Cats also use physical cues from nature, such as the angle of the sun to find their way. “They may be able to use the sun as a compass, as well as sensing a time difference between their own internal circadian clock and the local time. But the father away they are from home base, the greater will be the discrepancy,” says Fox. Therefore, visual aids and memory don’t completely explain how lost cats find their way over long distances.
            That’s why many researchers believe cats are sensitive to the earth’s magnetic fields. This sensitivity may enable them to find their way back home—even from hundreds of miles away. “A magnetic field can be described as a set of imaginary lines that indicates the direction a compass needle would point to at a particular spot,” explains Psychobiologist David Jay Brown of Ben Lomond, CA.
            It’s also believed that cats possess a homing mechanism that is triggered by brain cells containing magnetized iron particles. As they do with other mammals, these cells act like built in compasses. So some cats, like a wayward senior striped tabby named Alfie, may have been guided by the influence of earth’s magnetic fields.
            Early one summer, Alfie’s owner, Elaine Hahn, moved to a new home in Palo Alto, CA, about five miles away from her old home. For the first few weeks after the move, Hahn received regular phone calls from her old neighbor, who told her, “Alfie is here. Do you want to come and pick him up?” For two weeks, Hahn got into her car and drove five miles to go pick up Alfie. He had not only hiked five miles each time to get back to his old house, he had crossed six lanes of traffic to do so!
            Alluring as it is though, the magnetic field theory doesn’t entirely explain the homing instinct, according to Brown. “If you have a compass and you’re not in the middle of nowhere, you can’t figure out the direction of your destination unless you knew your position in a certain geographical area. So it’s really a big mystery.”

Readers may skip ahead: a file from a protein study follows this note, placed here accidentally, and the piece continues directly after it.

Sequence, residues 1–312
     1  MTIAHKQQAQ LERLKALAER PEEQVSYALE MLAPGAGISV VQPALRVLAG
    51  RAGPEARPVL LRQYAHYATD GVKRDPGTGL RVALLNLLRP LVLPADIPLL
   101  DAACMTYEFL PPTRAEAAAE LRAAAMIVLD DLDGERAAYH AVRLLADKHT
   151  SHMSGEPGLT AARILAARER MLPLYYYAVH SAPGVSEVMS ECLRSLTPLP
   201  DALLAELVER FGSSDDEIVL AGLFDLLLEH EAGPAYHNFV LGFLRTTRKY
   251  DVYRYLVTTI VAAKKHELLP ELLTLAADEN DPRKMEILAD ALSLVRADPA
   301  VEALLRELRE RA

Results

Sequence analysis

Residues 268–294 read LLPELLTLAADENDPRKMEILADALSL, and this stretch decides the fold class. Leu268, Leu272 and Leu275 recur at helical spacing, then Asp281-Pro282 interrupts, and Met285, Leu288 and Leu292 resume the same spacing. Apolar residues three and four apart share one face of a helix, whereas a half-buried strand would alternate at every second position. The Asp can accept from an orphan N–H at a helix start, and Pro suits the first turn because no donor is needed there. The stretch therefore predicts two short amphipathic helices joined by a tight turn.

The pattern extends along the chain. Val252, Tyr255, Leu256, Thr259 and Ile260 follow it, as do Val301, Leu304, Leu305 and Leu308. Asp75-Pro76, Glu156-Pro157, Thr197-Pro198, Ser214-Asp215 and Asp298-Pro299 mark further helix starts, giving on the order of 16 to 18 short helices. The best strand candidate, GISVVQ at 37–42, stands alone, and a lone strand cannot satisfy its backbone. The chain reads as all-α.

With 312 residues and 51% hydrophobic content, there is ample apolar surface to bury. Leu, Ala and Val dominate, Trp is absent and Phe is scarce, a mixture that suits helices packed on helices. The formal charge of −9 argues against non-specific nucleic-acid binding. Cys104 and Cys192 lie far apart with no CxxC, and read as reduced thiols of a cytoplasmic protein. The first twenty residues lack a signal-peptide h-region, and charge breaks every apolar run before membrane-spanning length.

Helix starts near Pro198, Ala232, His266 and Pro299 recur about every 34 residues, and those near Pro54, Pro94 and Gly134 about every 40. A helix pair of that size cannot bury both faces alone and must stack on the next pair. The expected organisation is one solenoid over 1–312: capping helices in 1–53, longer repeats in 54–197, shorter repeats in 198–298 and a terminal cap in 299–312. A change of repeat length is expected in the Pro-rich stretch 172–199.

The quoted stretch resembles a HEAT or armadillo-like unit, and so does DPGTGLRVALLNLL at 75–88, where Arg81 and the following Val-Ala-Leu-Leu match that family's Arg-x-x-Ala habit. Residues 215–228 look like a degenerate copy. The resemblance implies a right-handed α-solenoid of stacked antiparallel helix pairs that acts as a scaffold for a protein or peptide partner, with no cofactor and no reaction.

A HUMAN-PET SOULMATE CONNECTION

            The mystery deepens when we consider that some cats find their way to a place they have never been before. This is known as psychic trailing. It occurs when a cat is geographically separated from its owners by a move, an accident, or even a natural disaster and, weeks or months later, finds them.
            “It is related to the strong human-animal bond,” explains Fox. “Animals are able to tune into the ‘empathosphere’. It’s similar to ESP. And it’s this realm of feeding/sensing that accounts for their ability to find their way home—even hundreds of miles.”
            Adds Brown:  “This unusual ability that cats have to navigate may be related to a well-known phenomenon in psychics. This happens whenever two particles interact and are thereafter connected in a way that transcends time and space. Perhaps this can occur between animals and people, too. I suspect that the stronger the bond, the more likely you’re going to see that phenomenon.”

(Excerpt from Super Soulmates with Paws: A Collection of Cat and Dog Tails & Tales)

Blast Belly Fat and Pounds in 7 Days with VINEGARS

Sweet Vinegar Secrets






"To make a good salad is to be a brilliant diplomatist--the problem is entirely the same in both cases. To know exactly how much oil one must put with one's vinegar."
-- Oscar Wilde

As a former diet and nutrition columnist for Woman's World magazine (touting the latest zany weight loss fad diet for the week--often the big cover story), I can tell you both millions of women (and men)--and popular celebs--want to lose pounds and body fat super fast--and whittle their waistline. Yep, we all want that flat tummy. So, can taking the ACV cure do it alone? (2 day and 7 day diet plans in the book to zap 7 lbs+ in 1 wk! Then, onto the top ranked Mediterranean Diet and Lifestyle...The Healing Powers of Vinegar is avalaible at Walmart, Amazon, Barnes and Noble and other online bookstores.)

Nope. While ACV does work wonders and can help you lose weight, I know that on this planet it takes more than one magic bullet to shrink your tummy. Here, take a look at some tips to team with that tablespoon of ACV (I prefer Bragg Organic brand) in water a couple of times a day (lemon and raw honey can improve the tart taste), which can help to suppress your appetite. Psst! It's the acetic acid that may boost your metabolism and help to dissolve unhealthy body fat. (I discuss this topic with a nutritional expert in Chapter 16 "Fat-Burning Vinegar" in The Healing Powers of Vinegar.)

* Graze: Eating smaller, more frequent meals is key to a trimmer tummy. (I even feed my pooches their premium dog food in smaller meals. And they've got lean and lanky, elegant bodies--no belly fat which can lead to heart woes to diabetes 2 for both pets and humans. No kidding.)